Quality Improvement Project: Discharge Opioid Prescribing Guideline for the Urologic Surgery Patient Population

Christopher Acebedo, DNP, ACNP-BC, CCRN; Nancy Hung, PharmD; Cameron Heshmati


Urol Nurs. 2020;40(1):23-30. 

In This Article

Abstract and Introduction


Among the urologic surgery patient population, the conventional opioid prescribing practice is arbitrary, provider preferential, and not data-driven. This practice increases the risk of over-prescription, chronic opioid use, and surplus of opioid analgesics. To address this problem, a discharge opioid prescribing guideline was developed, implemented, and evaluated as a quality improvement project. guideline implementation significantly decreased opioids prescribed at discharge. There was a significant increase in opioid refills, despite the favorable self-reported pain control, absence of readmission due to acute pain episode, and greater than 80% of patients reporting opioid surplus 5 days after discharge. This quality improvement project demonstrated that a discharge opioid prescribing guideline effectively decreased opioid prescribing.


The Centers for Disease Control and Prevention (CDC) (2018) estimated that 130 opioid-related deaths occur in the United States each day. Recent data suggest there was a 9.6% increase in overdose deaths in the United States from 2016 to 2017; 68% were attributed to opioid use (CDC, 2019). The estimated economic burden of opioid overdose, abuse, and dependence is as high as 78.5 billion dollars (Florence et al., 2016). This epidemic may be attributed, at least in part, to over-reliance and lenient opioid prescribing practices. Strategies to address this opioid crisis are needed at both macrosystem and microsystem levels.

Studies have shown that opioid overprescription is prevalent among specialty surgery patient populations. For example, in a study of 61 postoperative patients in Colorado, 83% of patients who underwent Caesarian section needed only half of the prescribed opioid quantity after discharge, while 45% of patients who underwent thoracic surgery required none (Bartels et al., 2016). Similarly, among 3,412 patients who underwent elective surgical procedures, almost 53% of patients consumed less than half of the opioids prescribed at discharge, and 77% of patients discharged with an opioid had an opioid surplus at home (Thiels et al., 2018). Among the urologic surgery patient population, findings are equally alarming (Bates et al., 2011; Fujii et al., 2018).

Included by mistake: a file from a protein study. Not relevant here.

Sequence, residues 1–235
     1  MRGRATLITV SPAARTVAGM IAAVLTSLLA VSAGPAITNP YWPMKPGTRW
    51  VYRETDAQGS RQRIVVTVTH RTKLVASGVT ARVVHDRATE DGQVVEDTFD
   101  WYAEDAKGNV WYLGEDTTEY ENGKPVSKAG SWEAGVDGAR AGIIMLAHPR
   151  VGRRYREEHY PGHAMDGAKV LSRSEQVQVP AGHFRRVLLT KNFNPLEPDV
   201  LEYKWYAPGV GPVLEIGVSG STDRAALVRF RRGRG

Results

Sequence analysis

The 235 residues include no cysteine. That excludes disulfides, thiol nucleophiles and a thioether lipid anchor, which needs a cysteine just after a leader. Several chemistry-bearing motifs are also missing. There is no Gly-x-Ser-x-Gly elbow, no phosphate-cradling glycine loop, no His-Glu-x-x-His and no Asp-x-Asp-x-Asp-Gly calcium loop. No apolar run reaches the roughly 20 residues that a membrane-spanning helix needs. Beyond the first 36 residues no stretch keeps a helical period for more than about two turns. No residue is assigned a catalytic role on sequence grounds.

Population and procedure-specific prescribing guidelines and protocols have decreased over-prescription of opioids across a variety of settings (Chen et al., 2016; del Portal et al., 2016; Large et al., 2018; Tong et al., 2018). For example, in a study done by del Portal and colleagues (2016), implementation of prescribing guideline in the emergency department significantly decreased opioid prescribing. Studies have also demonstrated that a multimodal approach is an essential element of a prescribing guideline (Large et al., 2018; Tong et al., 2018; Wick et al., 2017; Xu et al., 2015) and that tailoring the pain regimen based on the procedure performed appears to adequately control postoperative pain after discharge while mitigating the potential for over-prescription among the specialty surgery patient population (Hill et al., 2017; Khater et al., 2017; Large et al., 2018; Scully et al., 2018; Tong et al., 2018; Xu et al., 2015). In addition, guidelines that incorporate the use of a state-wide prescription drug monitoring program (PDMP) are effective in decreasing over-prescription (Bao et al., 2016). PDMPs are state-administered programs that monitor and collect data on prescribing and dispensing controlled substances. These programs may be accessed electronically by authorized providers to guide opioid prescribing in the clinical setting.

Conventional practice in a high patient volume urologic surgery service is to prescribe opioids at a traditionally accepted quantity without incorporating the expected procedure-specific pain burden. Such practice likely results in over-prescription and a surplus of opioid agents at home that can potentially increase misuse and abuse in the community. The goal of this quality improvement (QI) project was to decrease opioid prescription at discharge, while providing safe and adequate postoperative pain control among patients who underwent urologic surgery in a single acute care center by implementing a discharge opioid-prescribing guideline. Outcome measures were the amount of opioids prescribed at discharge and the adequacy of the post-discharge pain control.